Overamp Safety Guide

Overamp Safety Guide

A guide on overamp safety, a publication by OnPoint NYC. OnPoint-NYC-EducationBinder_OS-Brochure

WHAT IS OVERAMPING?

  • Overamping is any physical or psychological effect that negatively impacts or endangers an individual due to taking stimulants (e.g., crack or powder cocaine, crystal meth, amphetamines).
  • Unlike overdose, overamping isn’t necessarily a medical emergency but can just be unpleasant.


WHAT ARE COMMON OVERAMP SIGNS?

  • Physical: fast heart rate/pulse, high body temperature/overheating, sweating, chills, irregular breathing, passing out, chest pain/tightening, nausea/vomiting, seizure, jerking or rigid limbs, headache, increased blood pressure, teeth grinding, convulsions, and/or tremors.
  • Psychological: extreme anxiety, panic, hypervigilance, extreme agitation/paranoia, hallucinations, feeling paralyzed while awake, insomnia, delusions, suicidal thoughts, and/or extreme behaviors.

How to Respond to Overamp Symptoms

If someone is experiencing overamp symptoms, stay with them and respond to symptoms as needed. Always check regularly to make sure they are breathing and have a normal pulse.

SAFE SETTING
Move the person to a safe, quiet environment. Clear out the space to reduce feelings of paranoia and anxiety.

CALM THEM DOWN
Engage the person in positive conversation– tell them that they’re going to be okay. Help them walk around if they seem able to do so. If you’re indoors, open a nearby window for fresh air. Music, low lighting, and a quiet setting can also help.

COOL THEM OFF
Try to get the person to drink cool water and use ice or cool water on their wrists or forehead to cool them off. A cool wet cloth also works. Put them next to a fan/AC if possible. If you’re outside, try to find a shady place.

OTHER THINGS THAT HELP
Food, sleep, and a shower can also help reduce symptoms. Hold their hand or gently rub their neck if they will let you.

HOW TO PREVENT OVERAMPING

KNOW/MANAGE MEDICAL CONDITIONS
Certain conditions like endocarditis or other cardiovascular issues can seriously worsen overamp scenarios. Get a medical check-up to make sure you don’t have any preexisting conditions. You’ll also receive medication to help manage these problems if needed.

USE IN A SAFE PLACE WITH FRIENDS
Symptoms can be worsened by being with people you don’t know or trust, or by using in a place that you don’t feel comfortable in.

SWITCH UP THE WAY YOU’RE USING
If you’re getting symptoms from speedballing via injection, try smoking or spreading out your shots instead.

TAKE A TEST DOSE
Do a small amount first to gauge the drug’s strength. If you don’t want to prepare two syringes, you can also sniff a test line.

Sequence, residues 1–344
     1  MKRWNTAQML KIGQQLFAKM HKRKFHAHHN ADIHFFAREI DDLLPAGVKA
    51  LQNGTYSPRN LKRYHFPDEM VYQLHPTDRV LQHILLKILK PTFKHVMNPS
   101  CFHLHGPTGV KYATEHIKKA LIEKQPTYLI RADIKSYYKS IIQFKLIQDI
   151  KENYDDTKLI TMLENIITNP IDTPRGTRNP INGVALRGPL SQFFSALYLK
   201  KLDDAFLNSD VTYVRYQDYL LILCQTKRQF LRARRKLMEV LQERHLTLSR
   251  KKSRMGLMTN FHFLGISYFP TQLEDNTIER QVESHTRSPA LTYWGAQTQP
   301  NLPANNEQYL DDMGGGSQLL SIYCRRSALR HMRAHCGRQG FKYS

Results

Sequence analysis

SLEEP, HYDRATE, AND EAT!
Lack of sleep, water, and nutrition can help trigger and/or worsen symptoms. Try to get 8 hours of sleep, drink a few cups of water, and eat a nutritious meal before using stimulants. If you’re not hungry, a smoothie can also help!

WHEN IS OVERAMPING A MEDICAL PROBLEM?

STROKE


SYMPTOMS
Sudden numbness (especially on one side of the body), trouble speaking or understanding speech, trouble seeing or walking, dizziness, sudden severe headache, uneven facial features.

RESPONSE
Always call 911 if you suspect someone is having a stroke!

HEART ATTACK


SYMPTOMS
Very fast/irregular pulse, chest pain/tightness, shortness of breath, discomfort in other areas of the upper body, drenching sweat, nausea/vomiting, cold/clammy limbs.

RESPONSE
Always call 911 if you suspect someone is having a heart attack!

SEVERE OVERHEATING AND HEAT STROKE


SYMPTOMS
Nausea/vomiting, headache, dizziness, fatigue, hot and flushed skin, rapid heart rate, dry skin, not sweating.headache, uneven facial features.

RESPONSE
1) See "Cool them off" (next page) for tips.
2) Call 911 if: the person is unconscious or showing signs of confusion.

SEIZURE


SYMPTOMS
Loss of consciousness or awareness, feeling "fuzzy" or confused, tingling/numbness, forgetfulness, falling, blank stares, convulsions, spasms.

RESPONSE
1) Don't restrain the person or put anything in their mouth-- let the spasm happen.
2) If possible, place something soft under their head to protect their head and neck.
3) Loosen anything around the person's neck (e.g., tie, collar, jewelry).
4) Clear the area of any hard/sharp objects to help prevent injury.
5) Stay with them and monitor seizure duration.
6) Call 911 if:
  1) the seizure lasts more than 2 minutes,
  2) the person is having difficulty breathing/waking up afterward,
 3) the person was hurt during the seizure, or
 4) the person had a second seizure after the first ended.

AFTER THE SEIZURE
Help them lay in a safe place and, once they're able to speak and understand you, calmly explain to them that they just had a seizure. If the person wants to leave, call a taxi or have someone go with them.

PSYCHOLOGICAL/ BEHAVIORAL EMERGENCIES

Overamping can cause shock and/or psychosis, which can be traumatic for an individual. In these cases, the person is not in control and so might put themselves or others into dangerous situations. 

SYMPTOMS
Delusions, hallucinations, paranoia, suicidal thoughts/behavior, erratic behavior, anxiety, obsessive thinking, disorganized thoughts

RESPONSE
1) Carefully direct them to a safe, quiet place.
2) See "Calm them down" and "Other things that help" on opposite page for more tips.
3) Call 911 if:
 1) you believe the person may cause harm to themselves or others,
 2) if the person is acting strangely in public and you are concerned someone else may see them as a danger- it's always better to call 911 yourself so you can be in control of the situation!

No One Has To Die of An Overdose.

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